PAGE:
This is how Berlin students think about their universities

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On Friday, it is decided which universities will receive additional millions. Students talk about the pressure to perform and where Berlin’s universities are top.

At 4 p.m. on Friday, the press conference at Federal Research Minister Anja Karliczek will begin announcing which universities will be the winners in the billion-dollar federal-state competition.

Will the three major Berlin universities and the Charité manage to win the title of excellence together? We asked Berlin students what they thought of their universities, where they are excellent and where they are not so excellent.

Clemens Schumann, 21, studies physics at Freie Universität

What’s excellent now?

We sometimes have unbelievably competent professors. They also manage to get the students carried away by their way of lecturing. Sometimes there are people in theory events who only look at their notes once during a whole lecture and still write 24 boards full. They simply do this from what they can deduce in their minds.

That’s impressive and helps listeners to stay mentally in tune. At least it’s more exciting than a lecturer who just reads what he wrote down ages ago.

Where do you see problems?

My fellow students recently hung up a newspaper article in our student council room: It is said that physicists are the number one in depression, sleep disorders and burnout. We thought it was pretty funny. But some things in this subject really put unnecessary pressure on us. We have to fill in exercise sheets for our courses every week. That alone takes about 30 hours.

If you don’t answer the exercises well enough once, you may not be able to complete the course later. This is of course a problem for everyone who has to work. Therefore, it should be communicated more clearly how students can obtain financial means through scholarships.

Ayse Selin Güneytepe, 21, studies medicine at Charité

What makes your studies special?

Until two years ago, I lived in Istanbul and chose Berlin because my faculty always performs very well as a location in online rankings. Probably also because they invest a lot in research there.

Since I’ve been here, I’ve been particularly enthusiastic about how much the courses are based on student feedback. We have a portal that we can use to share our opinions on courses on offer. If we criticise something there, it will often actually be improved in the next semester. The management is extremely flexible.

What would you criticize?

Sometimes events are cancelled due to holidays. It is not my intention that we should also go to university on public holidays. It bothers me and many others that these dates are not made up. Instead, we plan as if there were no holidays to cancel the courses. Of course that doesn’t make sense. We have to learn the material independently in such cases. In some cases, however, this is not possible.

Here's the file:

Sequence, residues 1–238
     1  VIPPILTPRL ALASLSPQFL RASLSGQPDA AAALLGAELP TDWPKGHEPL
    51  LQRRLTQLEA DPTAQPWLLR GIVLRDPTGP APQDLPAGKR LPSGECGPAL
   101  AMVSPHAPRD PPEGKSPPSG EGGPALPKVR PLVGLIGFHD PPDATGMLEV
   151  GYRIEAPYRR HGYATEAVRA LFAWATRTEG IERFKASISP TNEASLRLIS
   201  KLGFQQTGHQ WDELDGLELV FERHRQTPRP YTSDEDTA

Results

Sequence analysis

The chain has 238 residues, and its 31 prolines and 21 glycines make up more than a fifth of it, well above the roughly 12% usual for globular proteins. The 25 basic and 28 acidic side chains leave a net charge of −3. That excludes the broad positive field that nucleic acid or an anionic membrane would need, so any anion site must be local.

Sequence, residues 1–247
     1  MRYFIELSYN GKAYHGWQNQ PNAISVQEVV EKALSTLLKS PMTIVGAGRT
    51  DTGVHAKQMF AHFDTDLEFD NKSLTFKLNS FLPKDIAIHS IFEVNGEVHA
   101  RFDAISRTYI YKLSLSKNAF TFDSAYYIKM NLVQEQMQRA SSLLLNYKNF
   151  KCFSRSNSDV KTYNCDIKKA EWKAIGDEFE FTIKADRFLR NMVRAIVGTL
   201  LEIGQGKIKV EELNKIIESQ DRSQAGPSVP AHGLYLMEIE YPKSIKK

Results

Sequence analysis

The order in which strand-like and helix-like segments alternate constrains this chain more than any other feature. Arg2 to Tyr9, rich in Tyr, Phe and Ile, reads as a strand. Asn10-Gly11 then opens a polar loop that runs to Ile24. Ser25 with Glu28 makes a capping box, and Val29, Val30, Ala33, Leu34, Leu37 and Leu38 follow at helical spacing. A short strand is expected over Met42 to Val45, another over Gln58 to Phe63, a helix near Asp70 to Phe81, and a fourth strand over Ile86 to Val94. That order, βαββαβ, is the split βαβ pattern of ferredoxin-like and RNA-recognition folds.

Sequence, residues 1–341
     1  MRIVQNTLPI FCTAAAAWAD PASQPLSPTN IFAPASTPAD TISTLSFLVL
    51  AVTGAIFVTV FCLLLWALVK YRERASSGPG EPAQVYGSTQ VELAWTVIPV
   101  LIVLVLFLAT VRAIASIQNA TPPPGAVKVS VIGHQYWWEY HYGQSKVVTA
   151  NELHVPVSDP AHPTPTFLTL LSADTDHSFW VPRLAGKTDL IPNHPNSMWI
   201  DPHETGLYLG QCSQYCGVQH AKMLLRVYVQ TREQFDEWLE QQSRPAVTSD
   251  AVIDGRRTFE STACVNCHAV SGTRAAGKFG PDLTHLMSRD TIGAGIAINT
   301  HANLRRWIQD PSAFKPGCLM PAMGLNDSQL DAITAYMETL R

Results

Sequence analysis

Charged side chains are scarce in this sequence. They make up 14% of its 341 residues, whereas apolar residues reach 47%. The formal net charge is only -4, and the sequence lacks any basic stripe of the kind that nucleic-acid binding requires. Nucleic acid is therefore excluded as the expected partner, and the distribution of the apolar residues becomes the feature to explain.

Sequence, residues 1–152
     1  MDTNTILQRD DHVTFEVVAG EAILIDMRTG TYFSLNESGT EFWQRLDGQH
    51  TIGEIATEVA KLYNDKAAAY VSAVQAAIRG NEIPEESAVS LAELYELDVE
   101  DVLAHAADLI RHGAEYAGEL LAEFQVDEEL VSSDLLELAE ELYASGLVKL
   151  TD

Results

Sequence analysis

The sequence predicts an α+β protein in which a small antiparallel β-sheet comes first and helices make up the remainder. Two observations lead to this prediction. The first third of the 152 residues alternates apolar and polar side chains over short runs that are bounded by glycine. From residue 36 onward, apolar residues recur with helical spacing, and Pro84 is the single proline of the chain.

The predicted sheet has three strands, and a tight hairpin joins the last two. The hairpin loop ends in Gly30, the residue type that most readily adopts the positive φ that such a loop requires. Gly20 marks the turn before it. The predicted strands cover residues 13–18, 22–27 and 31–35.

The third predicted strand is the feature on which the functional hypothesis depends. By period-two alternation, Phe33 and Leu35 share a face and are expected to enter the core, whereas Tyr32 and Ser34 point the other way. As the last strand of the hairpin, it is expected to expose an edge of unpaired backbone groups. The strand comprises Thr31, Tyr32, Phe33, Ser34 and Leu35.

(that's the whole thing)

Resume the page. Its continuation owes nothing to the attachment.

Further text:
We have so-called examination courses. Here we go directly to the patients with the professional specialists. Or we learn in courses how to deal as friendly as possible with patients. These are fantastic offers, but I can’t teach myself this later at home alone.

Amin Al Khalili, 23 years old, studies energy and process technology at the Technical University of Vienna.

What do you like about your university?

The campus is big and beautiful and everyone tries to help each other as much as possible. But first and foremost for me is the excellent quality of my studies. At the moment I have almost no time left for a private life or to go to work – the courses are simply too demanding for that.

At the same time, however, I know that the degree will be worth the effort in the end. At least if I can make it through the extra semesters to the Master’s degree. My subject is quite common among students. Without additional specialisation, the whole thing is not worth so much.

Where do you see the biggest problems?

If I could change one thing immediately, it would definitely be the TU website. You almost get the feeling that it was deliberately designed to be complicated. Every piece of information we students have to fight for, it’s all so confusing. This is especially problematic when I need an official document.

And it doesn’t stop at one website. Usually I have to click my way through three or four different websites and portals, all of which belong to the university. Then I can collect what I need piece by piece. Very old-fashioned.

Jamil Zegrer, 22 years old, studies Cultural Studies at Humboldt University.

What’s excellent about your institute?

I don’t think much of the idea of Excellency and

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Mette Frederiksen is a The Washington Newsday correspondent. With her coverage of general science, NASA and the interface between technology and society, Frederiksen has been in the Science Desk's Technology Beat since joining Washington Newsday in 2018.

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